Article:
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Sigismund Ritter von NEUKOMM (1778-1858)
Nonetto NV513 in E flat [7:39]
Septuor concertant NV399 in E flat [7:44]
Notturno NV154 in C [11:51]
Otteto NV421 in E flat [10:15]
Quintetto NV105 in C [9:20]
Septetto No. 3 NV517 in E flat [7:54]
Kammerensemble Classic der Deutschen Oper Berlin
rec. 10-13 May 2010, Studio Gärtnerstrasse, Berlin
CPO 777 621-2 [54:43]


 
Sigismund Ritter von Neukomm was a student of Haydn’s who traveled across both hemispheres writing and performing his music. Neukomm's compositions showed that Haydn had taught him how to be pleasant but not how to be interesting. He was fascinated by weird combinations of instruments, as we learn here. This is an album of fun - unlikely groups of performers playing dull, dull music.
 
Take the opening Nonetto. It feels in spirit like a minuet that somehow grew thematic development. It retains interest simply by making you wonder: what instrument’s up next? There are big solos for flute, clarinet, viola and bassoon; a double bass has a major part too. The trumpet is used the way it was in the mid-1700s, to emphasize certain points made by other instruments, until it wins a sudden cadenza at the end.
 
Once you realize that antiquated good cheer, the kind that Haydn outgrew and Rossini outclassed, is Neukomm’s bread and butter, the rest of the CD all sounds the same. The Notturno starts with a piano solo which sounds like very, very early Beethoven - it was written in 1817 in, of all places, Rio de Janeiro. The Octet begins with an unintentionally funny combination of grandiosity and total unimportance, although I must compliment the following cello solo.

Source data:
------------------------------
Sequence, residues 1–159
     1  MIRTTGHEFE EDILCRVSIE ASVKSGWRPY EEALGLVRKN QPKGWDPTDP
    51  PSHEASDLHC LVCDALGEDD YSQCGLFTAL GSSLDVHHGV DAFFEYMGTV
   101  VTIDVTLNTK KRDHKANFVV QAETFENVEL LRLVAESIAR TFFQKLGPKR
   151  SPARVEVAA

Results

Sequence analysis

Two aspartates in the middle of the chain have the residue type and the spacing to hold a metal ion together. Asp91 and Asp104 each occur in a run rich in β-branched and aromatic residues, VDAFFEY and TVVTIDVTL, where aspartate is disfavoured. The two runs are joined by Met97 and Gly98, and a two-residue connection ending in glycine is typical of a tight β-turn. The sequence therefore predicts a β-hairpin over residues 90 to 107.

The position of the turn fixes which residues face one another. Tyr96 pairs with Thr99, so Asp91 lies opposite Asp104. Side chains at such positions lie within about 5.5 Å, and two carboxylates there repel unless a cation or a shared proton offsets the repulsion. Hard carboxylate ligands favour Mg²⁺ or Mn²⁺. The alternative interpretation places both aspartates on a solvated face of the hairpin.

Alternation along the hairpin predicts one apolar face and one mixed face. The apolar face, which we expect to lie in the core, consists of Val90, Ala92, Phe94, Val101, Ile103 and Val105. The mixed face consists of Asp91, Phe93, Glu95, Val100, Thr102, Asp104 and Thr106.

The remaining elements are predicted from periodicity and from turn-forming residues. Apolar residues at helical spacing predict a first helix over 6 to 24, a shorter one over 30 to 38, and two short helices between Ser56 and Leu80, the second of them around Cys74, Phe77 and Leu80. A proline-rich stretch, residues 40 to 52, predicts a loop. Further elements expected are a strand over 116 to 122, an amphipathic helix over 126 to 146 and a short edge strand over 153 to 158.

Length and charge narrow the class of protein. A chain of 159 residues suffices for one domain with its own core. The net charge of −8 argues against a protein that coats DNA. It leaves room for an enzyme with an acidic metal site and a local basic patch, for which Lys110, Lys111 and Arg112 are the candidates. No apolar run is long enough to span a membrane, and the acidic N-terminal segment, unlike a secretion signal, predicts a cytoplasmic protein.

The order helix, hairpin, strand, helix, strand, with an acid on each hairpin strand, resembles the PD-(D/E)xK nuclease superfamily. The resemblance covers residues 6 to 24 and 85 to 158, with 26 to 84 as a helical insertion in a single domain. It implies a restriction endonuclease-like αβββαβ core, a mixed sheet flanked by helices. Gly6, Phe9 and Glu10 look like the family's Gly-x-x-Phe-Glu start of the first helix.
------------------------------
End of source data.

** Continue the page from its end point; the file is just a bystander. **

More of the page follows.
Everything runs together, with one exception: the first 30 seconds of the Quintet are energetic, exciting, and vaguely Latinate in rhythm, with a prominent harp, so I was scrambling to the booklet notes to tell you about this one undiscovered gem before, just as suddenly as the party had started, it withdrew into a harmlessly cheery tune that the booklet tells me is “practically identical” to a piece by another, earlier composer. So much for that!
 
It’s very well-played, and the recorded sound is very good too - the trumpet never dominates the other instruments - but this is only for those who already know they are devotees of late-classical-era chamber music with no dramatic pulse. While listening to the Notturno, I had a thought: if someone said to me, “classical music is so boring,” and I played them this CD, they would say “I told you so”.
 
Brian Reinhart
 

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